Massive Navajo sandstone domes and fins, steep cliffs, and natural arches erupt out of the desert landscape within Utah’s Behind the Rocks Wilderness Study Area. The area’s extreme topography makes cross-country foot travel very challenging, yet possible. The highly scenic rock fins traversing the wilderness study area are popular subjects for photographers. Behind the Rocks offers amazing views of the La Sal mountains and is nearby to Arches and Canyonlands National Parks. For those who prefer to catch their scenery at a little faster pace, there are plenty of nearby mountain biking trails and off-highway vehicle routes. Photo by Bob Wick, Bureau of Land Management, @mypubliclands.
Cinder cone volcano (~32,500 years old) at the north end of Snow Canyon State Park, north of St. George, Utah. The volcano sits on Lower Jurassic (~180 million year old) Navajo Sandstone, which comprises the red and buff outcrops behind the volcano. This is one of two closely spaced cinder cones that produced the Santa Clara aa basalt flows. Several cinder cones, ranging in age from 2.1 million to 32,500 years old, dot the landscape from Grand Canyon through western Utah, created by decompression melting as this area, at the eastern margin of the Basin and Range Province of North America, is being pulled slowly apart.
The new Gold Butte National Monument covers nearly 300,000 acres of remote and rugged desert landscape in southeastern Nevada. The area is less than two hours from the Las Vegas Strip, but a world apart. Here dramatically chiseled red Navajo sandstone, twisting canyons, and tree-clad mountains of the adjoining Paiute Wilderness punctuate vast stretches of the Mojave Desert dotted with Joshua trees and desert shrubs.
The 99 mile long Gold Butte National Backcountry Byway provides access to a cross section of the area’s features and begins just south of Interstate 15 near Bunkerville, NV. The first 20 miles of the byway to Whitney Pockets are mostly paved and accessible by passenger vehicles. Other unpaved portions of the route can be accessed by high clearance vehicles and some may require 4-WD. Check visitor kiosks for area information.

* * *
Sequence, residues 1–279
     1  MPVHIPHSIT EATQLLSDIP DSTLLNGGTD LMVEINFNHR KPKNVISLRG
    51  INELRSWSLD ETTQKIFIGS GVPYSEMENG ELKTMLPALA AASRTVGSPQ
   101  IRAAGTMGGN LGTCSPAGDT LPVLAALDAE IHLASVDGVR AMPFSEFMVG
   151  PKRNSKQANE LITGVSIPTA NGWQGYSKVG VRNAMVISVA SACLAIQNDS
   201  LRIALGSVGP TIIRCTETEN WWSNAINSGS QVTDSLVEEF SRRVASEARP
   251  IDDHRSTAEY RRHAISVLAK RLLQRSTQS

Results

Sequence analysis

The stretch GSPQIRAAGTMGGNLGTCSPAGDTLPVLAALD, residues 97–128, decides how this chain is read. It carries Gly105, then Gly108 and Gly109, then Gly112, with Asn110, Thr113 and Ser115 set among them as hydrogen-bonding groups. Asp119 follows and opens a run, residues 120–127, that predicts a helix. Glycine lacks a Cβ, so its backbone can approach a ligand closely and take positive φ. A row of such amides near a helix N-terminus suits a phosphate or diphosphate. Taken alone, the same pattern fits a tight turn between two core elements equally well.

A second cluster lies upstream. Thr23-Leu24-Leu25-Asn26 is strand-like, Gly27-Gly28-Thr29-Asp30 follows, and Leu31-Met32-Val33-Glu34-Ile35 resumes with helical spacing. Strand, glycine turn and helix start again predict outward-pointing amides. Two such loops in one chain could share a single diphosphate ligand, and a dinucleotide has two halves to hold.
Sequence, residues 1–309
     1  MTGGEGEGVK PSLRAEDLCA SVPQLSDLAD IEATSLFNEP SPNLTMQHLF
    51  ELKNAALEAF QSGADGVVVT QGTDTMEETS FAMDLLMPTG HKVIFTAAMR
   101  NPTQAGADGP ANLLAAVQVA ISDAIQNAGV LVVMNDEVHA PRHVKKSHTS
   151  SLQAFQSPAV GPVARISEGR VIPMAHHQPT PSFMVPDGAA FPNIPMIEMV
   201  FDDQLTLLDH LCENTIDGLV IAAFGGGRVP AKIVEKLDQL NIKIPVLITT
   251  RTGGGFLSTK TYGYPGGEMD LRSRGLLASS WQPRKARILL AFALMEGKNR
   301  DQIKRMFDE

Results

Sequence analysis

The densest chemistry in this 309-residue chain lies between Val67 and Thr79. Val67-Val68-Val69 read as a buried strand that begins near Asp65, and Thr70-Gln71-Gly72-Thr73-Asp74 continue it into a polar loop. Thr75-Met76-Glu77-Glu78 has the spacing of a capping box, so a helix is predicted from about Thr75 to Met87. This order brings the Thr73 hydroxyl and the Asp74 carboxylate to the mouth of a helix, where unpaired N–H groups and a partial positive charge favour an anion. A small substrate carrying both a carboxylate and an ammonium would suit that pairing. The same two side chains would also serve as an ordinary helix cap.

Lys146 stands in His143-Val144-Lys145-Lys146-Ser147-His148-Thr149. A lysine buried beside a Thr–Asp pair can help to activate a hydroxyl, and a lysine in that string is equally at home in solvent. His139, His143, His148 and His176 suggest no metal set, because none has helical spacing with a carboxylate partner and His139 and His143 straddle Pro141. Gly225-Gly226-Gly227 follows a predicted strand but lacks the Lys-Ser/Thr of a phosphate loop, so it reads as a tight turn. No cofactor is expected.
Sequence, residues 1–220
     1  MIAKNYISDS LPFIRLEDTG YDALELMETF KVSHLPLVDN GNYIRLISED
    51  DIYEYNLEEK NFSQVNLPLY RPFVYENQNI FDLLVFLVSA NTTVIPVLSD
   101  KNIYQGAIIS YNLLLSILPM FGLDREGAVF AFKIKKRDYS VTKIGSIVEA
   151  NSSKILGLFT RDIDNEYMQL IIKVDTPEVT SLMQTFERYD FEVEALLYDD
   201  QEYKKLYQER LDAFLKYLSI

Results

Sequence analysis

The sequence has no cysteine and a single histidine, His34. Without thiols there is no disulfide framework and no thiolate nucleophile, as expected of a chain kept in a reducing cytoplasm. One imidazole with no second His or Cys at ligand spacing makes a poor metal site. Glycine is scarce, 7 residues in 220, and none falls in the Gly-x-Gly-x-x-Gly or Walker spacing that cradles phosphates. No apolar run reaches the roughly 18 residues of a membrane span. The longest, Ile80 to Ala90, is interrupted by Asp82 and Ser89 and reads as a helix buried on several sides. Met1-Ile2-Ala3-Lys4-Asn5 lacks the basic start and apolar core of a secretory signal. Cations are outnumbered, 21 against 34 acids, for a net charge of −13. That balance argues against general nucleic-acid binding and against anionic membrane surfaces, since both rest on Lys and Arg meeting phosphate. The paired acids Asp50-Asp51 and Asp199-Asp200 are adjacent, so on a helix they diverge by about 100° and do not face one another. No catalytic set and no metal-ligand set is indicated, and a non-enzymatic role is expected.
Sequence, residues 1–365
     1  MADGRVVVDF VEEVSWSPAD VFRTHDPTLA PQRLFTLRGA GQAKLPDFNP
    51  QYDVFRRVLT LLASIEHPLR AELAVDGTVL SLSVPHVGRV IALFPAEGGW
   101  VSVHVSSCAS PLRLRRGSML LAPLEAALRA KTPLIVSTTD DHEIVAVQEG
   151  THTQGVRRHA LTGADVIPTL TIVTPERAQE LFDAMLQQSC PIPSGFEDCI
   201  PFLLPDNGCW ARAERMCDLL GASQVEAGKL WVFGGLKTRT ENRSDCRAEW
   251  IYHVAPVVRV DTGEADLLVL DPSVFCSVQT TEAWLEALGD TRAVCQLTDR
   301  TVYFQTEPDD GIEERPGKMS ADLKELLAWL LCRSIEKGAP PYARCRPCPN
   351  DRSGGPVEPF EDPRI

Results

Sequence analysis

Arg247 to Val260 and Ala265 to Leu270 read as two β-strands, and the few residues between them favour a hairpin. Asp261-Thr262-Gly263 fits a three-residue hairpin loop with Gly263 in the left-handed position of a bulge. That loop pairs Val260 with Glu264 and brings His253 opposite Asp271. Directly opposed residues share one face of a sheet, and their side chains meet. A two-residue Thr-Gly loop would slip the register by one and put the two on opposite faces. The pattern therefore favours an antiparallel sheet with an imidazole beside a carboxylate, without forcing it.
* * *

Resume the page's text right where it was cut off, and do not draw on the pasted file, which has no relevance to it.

The brightly hued sandstone provides a stunning canvas for the area’s famously beautiful rock art, and the desert provides critical habitat for the desert tortoise. The byway and other routes provide access outdoor recreation, and visitors to the monument can camp (undeveloped), hike to fantastic rock formations and hidden rock art sites, and visit the area’s namesake mining ghost town. Wildlife viewing and hunting opportunities are available and the area even has a population of majestic desert bighorn sheep. A full array of visitor services are available in Mesquite Nevada just north of the new monument. Stock up on supplies as no services are available on the byway or elsewhere in the monument.
In an area as vast and diverse as the new Bears Ears National Monument in Southeastern Utah, it’s hard to know where to start in exploring. Here are some ideas for capturing a sampling of what the new National Monument offers.
On the Northern end, take state route 211 into spectacular Indian Creek Canyon. Stop at Newspaper Rock, a large and spectacular petroglyph panel with carvings dating back to 2,000 years. Further along, the canyon opens up into a wide valley rimmed by Navajo Sandstone. The iconic “Sixshooter” spires soon become visible. Look for rock climbers scaling the narrow cracks in the vertical Navajo Sandstone.
Further south, Take Highway 261 and 95 onto Cedar Mesa. The twin Bears Ears rise just north of the mesa. This is one of the most significant archaeological regions anywhere, with ancient pueblos tucked into endless canyons. Visiting many of the pueblos require planning ahead as they include hikes and some also require visitor permits. However, a view of the spectacular Butler Wash Ruin is a one hour round trip hike from a developed trailhead while the Mule Canyon Ruin is located along the highway.
Driving south along the rolling pinion uplands of Cedar Mesa does not prepare one for the descent of Highway 261 via the “Moki Dugway”. The route drops precipitously with views of Monument Valley in the distance. Similar landforms to Monument Valley’s famous formations are found along a 17 mile unpaved loop drive beginning at the base of the Dugway which traverses the Valley of the Gods.
A final stop along the southern border of the monument is also a must see. The viewpoint at Goosenecks State Park takes in a spectacular sequence of tight and colorful meanders of the San Jun River carved into the sandstone cliffs.
Many parts of the new national monument are remote and there are no services. Make sure to stock up with supplies in Monticello, Blanding or Bluff which all offer a full array of services as well as accommodations.
In a place where paleontologists are still prospecting for dinosaurs fossils, you can’t help but feel like a kid on an endless playground. Climbing arches, attempting to wrap our heads around this Navajo sandstone and its ability to form these colossal structures. Forever in awe of the desert.
Apparently my long videos today are all introducing a new camera - this is, I think, the same Sony camera I showed shots from this morning. Here a group of videographers takes it out into the Southwestern US Desert.